Then the Pirates did something I never expected them to do based on past seasons, something which I had been hoping they’d do every year from 2013 to -15: they rolled the dice. They took a huge chance on an immensely talented, but underperforming, pitcher in Tampa Bay’s Chris Archer, a player who could be around until after the 2021 season if all went well. It took trading Glasnow, Meadows, and Shane Baz to do it, but the team finally made an upside play that risked cost-controlled talent. They also picked up Keone Kela, another established player who wouldn’t hit free agency for years, at the risk of Taylor Hearn hitting his upside for another team.
After a 17-9 July, the Pirates went 26-27 the rest of the way to finish at their 82 wins.
What Comes Next?
Contrary to what some were saying about the Archer/Kela acquisitions, they weren’t really win-now moves, but win-soon moves. It may sound from the tenor of this piece that I don’t like the Pirates’ front office. To the contrary, I think they’re an extremely smart, competent group, just one that is sometimes missing some red-blooded aggression — and is contending with an ownership from which it is still hard to pry pennies.
I have little doubt that the front office knew at the time of the trades that the team’s odds of reaching the playoffs remained long. Pittsburgh still had weaknesses and was fighting in a very competitive National League that had some underperforming contenders that could take off at any moment (like the Cubs, Dodgers, and even the Nats).
The reason I liked the trades is that it showed that the team was willing to swap a significant amount of “win-later” for “win-now” and “win-soon.” If the organization is willing to mortgage some of the future to win in 2019-21 and — a very big question — if ownership is willing to boost the payroll significantly in the short-term, this could be a dangerous Pirates team for the next few years.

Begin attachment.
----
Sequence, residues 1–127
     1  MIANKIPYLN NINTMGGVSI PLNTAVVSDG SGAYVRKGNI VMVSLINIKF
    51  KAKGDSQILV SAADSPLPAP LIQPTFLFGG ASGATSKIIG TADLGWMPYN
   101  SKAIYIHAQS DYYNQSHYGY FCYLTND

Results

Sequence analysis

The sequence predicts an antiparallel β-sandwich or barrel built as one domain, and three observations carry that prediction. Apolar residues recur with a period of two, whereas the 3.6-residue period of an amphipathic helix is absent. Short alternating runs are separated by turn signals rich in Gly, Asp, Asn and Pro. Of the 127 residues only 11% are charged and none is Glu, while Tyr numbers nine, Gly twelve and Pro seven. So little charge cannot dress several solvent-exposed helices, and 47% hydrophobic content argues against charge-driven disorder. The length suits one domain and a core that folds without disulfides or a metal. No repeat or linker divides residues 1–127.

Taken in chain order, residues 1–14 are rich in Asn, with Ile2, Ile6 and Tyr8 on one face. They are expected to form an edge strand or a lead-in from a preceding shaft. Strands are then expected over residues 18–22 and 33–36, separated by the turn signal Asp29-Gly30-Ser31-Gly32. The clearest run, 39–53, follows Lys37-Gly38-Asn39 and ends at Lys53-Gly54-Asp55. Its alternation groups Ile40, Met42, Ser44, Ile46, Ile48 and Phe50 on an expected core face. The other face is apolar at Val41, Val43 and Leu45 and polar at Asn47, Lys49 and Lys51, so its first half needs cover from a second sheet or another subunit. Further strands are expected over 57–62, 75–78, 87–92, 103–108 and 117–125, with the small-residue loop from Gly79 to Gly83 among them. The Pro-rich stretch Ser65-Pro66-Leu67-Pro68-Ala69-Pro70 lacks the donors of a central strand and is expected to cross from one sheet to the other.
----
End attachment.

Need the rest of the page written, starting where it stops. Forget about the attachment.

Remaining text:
Way-Too-Early Projection – Jameson Taillon
One of the big questions remains whether Jameson Taillon’s breakout is real. While I’m a bet-hedger by nature with pitchers, I suspect the answer here is “you bet your sweet bippy he is.” The question was always health more than his abilities, and Taillon and the Pirates, rather than settling for just him pitching cancer-free and Tommy John-free, were willing to tinker with his repertoire.
Mostly out was the circle-change — already becoming an afterthought in his arsenal — and in very suddenly was a hard slider that was on the borderline of becoming a cutter. According to the Pitch Info data, Taillon mixed in a handful of sliders against the Reds on May 22nd — the first ever classified as such in his MLB career — before it became a permanent part of his game plan starting with his next start against the Cardinals.
From that start against the Cardinals on, Taillon went 12-6 with a 2.71 ERA in 22 starts, striking out 131 batters in 139.2 innings. The ZiPS projections for Taillon are of a very good pitcher. I think there’s a significant chance that he’s even better than this, possibly much better.
Dan Szymborski is a senior writer for FanGraphs and the developer of the ZiPS projection system. He was a writer for ESPN.com from 2010-2018, a regular guest on a number of radio shows and podcasts, and a voting BBWAA member. He also maintains a terrible Twitter account at @DSzymborski.